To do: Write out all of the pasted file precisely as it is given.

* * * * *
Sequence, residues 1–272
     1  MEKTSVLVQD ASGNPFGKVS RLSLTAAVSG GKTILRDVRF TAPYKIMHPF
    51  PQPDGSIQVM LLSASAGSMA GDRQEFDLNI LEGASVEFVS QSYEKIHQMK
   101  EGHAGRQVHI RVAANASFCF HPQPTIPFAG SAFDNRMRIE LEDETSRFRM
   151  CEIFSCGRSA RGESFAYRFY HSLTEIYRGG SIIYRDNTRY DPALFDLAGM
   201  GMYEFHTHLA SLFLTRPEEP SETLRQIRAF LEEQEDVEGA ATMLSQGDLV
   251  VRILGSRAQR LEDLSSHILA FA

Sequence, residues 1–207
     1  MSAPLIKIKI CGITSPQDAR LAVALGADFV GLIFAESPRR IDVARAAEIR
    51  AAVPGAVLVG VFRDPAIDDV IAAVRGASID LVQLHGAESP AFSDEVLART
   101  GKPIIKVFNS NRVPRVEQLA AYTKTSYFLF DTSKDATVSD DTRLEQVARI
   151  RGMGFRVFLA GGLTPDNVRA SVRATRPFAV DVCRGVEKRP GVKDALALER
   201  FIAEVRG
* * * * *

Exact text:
Sequence, residues 1–272
     1  MEKTSVLVQD ASGNPFGKVS RLSLTAAVSG GKTILRDVRF TAPYKIMHPF
    51  PQPDGSIQVM LLSASAGSMA GDRQEFDLNI LEGASVEFVS QSYEKIHQMK
   101  EGHAGRQVHI RVAANASFCF HPQPTIPFAG SAFDNRMRIE LEDETSRFRM
   151  CEIFSCGRSA RGESFAYRFY HSLTEIYRGG SIIYRDNTRY DPALFDLAGM
   201  GMYEFHTHLA SLFLTRPEEP SETLRQIRAF LEEQEDVEGA ATMLSQGDLV
   251  VRILGSRAQR LEDLSSHILA FA

Sequence, residues 1–207
     1  MSAPLIKIKI CGITSPQDAR LAVALGADFV GLIFAESPRR IDVARAAEIR
    51  AAVPGAVLVG VFRDPAIDDV IAAVRGASID LVQLHGAESP AFSDEVLART
   101  GKPIIKVFNS NRVPRVEQLA AYTKTSYFLF DTSKDATVSD DTRLEQVARI
   151  RGMGFRVFLA GGLTPDNVRA SVRATRPFAV DVCRGVEKRP GVKDALALER
   201  FIAEVRG